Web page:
Friday, September 21, 2007

Have you wondered how the book publishing industry works?

Susan Wise Bauer is one of our favorite authors. We first read her book The Well Trained Mind. We bought all four books in the Story of the World series. Our daughters like to listen to the audio tapes of Story of the World books.

On her blog, The History of the (Whole) World, she wrote about how authors are paid. It was fascinating to find out how long it takes for authors to get paid.

If you have wondered how the book publishing industry pays authors, check out her post.


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6 comments:

Wendy said...

Publishing is not an easy way to riches for publishers either. You pay tens of thousands for a print run, send your books off to stores and wholesalers who you bill, on 90 day terms, for 40-60% of the list price. The big chains, especially, have a system where, just prior to the 90 days, they take all the unsold inventory, send it back to the publisher (with coffee stains and cookie crumbs, since folks have been thumbing through it at the bookstore cafe), pay for the books that sold, then re-order to stock the shelves again, starting their 90 day billing cycle at 0. Eventually, you run out of fresh stock in a particular title and need a reprint, but up to 50% of your original print run is still out there doing the ship and return cycle with the bookstores. Which means, doing a big print run (thereby reducing cost per copy) is risky, since you could get a big whack of returns to write off should you overestimate demand.)

The whole book industry is completely insane. Authors (especially of non-fiction) would be crazy not to take advantages of the Internet and all the potential non-royalty revenues it can bring.

Henry Cate said...

Good point.

I've heard that the publishing industry is a hard place to make money.

Chris said...

I too found Susan's entry fascinating. It's always interesting to see "behind the curtain" in other industries.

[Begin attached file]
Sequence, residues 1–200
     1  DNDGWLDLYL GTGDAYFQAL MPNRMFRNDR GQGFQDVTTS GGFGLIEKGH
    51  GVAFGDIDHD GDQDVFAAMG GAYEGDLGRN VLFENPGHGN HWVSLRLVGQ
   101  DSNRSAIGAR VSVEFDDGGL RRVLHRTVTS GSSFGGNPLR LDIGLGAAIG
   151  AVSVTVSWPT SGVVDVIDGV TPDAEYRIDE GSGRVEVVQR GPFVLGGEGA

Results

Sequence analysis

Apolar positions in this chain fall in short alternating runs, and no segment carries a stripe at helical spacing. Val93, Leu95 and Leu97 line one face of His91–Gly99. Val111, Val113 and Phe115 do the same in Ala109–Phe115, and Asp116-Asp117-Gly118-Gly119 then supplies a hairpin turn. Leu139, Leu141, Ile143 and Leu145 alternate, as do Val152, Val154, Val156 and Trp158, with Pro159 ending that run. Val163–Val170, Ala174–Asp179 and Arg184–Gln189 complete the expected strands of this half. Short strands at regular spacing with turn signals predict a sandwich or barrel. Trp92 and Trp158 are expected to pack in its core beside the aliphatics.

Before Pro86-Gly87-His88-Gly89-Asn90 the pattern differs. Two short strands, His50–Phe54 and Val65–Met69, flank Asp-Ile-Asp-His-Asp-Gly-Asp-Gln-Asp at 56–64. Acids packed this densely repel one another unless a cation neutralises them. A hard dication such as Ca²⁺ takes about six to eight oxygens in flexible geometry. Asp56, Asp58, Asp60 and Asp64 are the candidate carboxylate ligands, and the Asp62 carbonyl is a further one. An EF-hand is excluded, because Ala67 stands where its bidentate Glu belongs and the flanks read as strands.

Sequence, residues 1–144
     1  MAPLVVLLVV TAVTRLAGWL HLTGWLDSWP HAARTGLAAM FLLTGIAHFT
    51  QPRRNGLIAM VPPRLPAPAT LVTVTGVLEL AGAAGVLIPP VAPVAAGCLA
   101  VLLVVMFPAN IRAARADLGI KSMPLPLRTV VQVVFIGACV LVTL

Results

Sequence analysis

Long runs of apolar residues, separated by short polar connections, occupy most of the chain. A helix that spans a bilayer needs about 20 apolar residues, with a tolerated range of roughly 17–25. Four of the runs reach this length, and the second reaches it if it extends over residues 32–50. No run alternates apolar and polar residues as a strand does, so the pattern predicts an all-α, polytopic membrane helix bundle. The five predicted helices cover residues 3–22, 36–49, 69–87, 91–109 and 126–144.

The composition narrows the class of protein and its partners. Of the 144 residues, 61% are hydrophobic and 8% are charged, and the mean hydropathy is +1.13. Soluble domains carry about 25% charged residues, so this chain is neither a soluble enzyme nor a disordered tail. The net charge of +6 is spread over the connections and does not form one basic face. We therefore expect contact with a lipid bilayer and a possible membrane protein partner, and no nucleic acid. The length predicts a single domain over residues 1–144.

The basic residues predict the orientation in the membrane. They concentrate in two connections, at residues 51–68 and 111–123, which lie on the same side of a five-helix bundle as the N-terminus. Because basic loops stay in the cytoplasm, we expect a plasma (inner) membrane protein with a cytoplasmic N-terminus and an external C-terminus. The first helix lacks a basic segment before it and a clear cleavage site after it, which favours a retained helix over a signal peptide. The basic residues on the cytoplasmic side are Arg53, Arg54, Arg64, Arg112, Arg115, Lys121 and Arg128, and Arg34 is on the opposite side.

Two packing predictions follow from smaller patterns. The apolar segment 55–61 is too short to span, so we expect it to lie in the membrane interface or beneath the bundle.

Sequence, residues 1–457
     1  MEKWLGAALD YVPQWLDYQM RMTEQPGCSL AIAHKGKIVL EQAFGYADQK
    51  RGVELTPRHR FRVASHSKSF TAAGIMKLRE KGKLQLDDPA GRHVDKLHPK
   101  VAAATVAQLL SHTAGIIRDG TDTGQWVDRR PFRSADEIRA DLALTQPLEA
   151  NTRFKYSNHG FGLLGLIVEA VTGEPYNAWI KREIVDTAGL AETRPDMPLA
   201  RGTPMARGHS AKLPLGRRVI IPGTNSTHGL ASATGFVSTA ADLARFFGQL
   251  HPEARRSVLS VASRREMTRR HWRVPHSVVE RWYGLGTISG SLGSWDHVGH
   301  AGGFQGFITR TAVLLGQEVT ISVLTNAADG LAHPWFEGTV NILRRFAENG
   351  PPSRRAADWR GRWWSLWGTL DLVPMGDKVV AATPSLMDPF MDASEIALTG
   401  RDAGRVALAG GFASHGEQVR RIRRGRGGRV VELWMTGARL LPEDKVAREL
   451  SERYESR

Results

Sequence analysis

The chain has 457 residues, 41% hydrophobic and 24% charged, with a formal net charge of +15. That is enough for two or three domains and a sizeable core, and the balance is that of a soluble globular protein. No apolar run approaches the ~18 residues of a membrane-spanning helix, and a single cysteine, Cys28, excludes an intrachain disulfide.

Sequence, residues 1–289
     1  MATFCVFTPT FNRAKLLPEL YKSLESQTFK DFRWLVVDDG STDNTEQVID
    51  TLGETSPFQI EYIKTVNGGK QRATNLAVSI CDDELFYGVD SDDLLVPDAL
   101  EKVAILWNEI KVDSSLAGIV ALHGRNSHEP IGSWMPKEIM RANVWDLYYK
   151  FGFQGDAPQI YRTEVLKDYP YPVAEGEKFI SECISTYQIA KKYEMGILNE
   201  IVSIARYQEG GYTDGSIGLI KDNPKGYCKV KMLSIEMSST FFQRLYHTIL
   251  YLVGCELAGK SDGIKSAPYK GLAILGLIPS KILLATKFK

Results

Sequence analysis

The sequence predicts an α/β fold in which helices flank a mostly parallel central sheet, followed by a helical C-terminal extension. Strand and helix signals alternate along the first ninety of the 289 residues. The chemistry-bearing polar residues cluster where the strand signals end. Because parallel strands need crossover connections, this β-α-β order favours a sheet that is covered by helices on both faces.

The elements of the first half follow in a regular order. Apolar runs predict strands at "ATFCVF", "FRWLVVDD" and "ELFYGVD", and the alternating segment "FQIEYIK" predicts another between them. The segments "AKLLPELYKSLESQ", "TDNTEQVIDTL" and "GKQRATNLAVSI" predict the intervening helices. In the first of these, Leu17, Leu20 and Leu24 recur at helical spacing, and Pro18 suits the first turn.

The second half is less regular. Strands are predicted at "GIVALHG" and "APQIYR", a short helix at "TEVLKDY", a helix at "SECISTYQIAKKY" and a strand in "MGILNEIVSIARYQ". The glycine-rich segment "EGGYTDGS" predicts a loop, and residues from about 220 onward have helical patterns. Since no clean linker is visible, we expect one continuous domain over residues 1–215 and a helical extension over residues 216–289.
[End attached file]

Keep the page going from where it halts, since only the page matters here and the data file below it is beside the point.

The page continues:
I do think the future of internet-based sales with "just-in-time" printing of the books is a huge wave of the future. The technology is already there; it's just the inertia of the industry that is slowing us down.

I always enjoy your posts. Thanks for all you do.

Henry Cate said...

The internet, computers, and software are driving a number of changes in the book industry. My wife recently created a short book over the internet on our cruise. The book was shipped to us this week It looks good. I think the book was 24 pages and cost around $20.

It is much easier for people to produce products targeted at smaller market segments. This is what Chris Anderson writes about in "The Long Tail."

There is still something to be said for large volume sales of popular books.

All of this means that consumers will have more choices.

Dana said...

Interesting article. It is such a gamble for the publishing company as well, though. They can lose a lot of money on the publication of a book.

You can see why so many people try to go with self-publishing, but it is rare for them to really make that much.

That may be changing with the availability of things online, but there is also just a certain level of trust associated with larger publishing companies, I think.

I order books online, but usually only after having seen them in stores (or a friend's bookshelf!) Buying a book is like buying clothes for me. I have to try it on first. : )

Henry Cate said...

One of the other interesting points Chris Anderson makes in "The Long Tail" is many people who are producing at the low volume side of a market aren't always in it for the money.

For example most of us bloggers are making little money. There are a few, like Glenn Reynolds, who make a living at it, but there are many bloggers who do it for other reasons.

Writing a book has a similar situation. There are professional writers who make money, but there also many who write books for a variety of other reasons.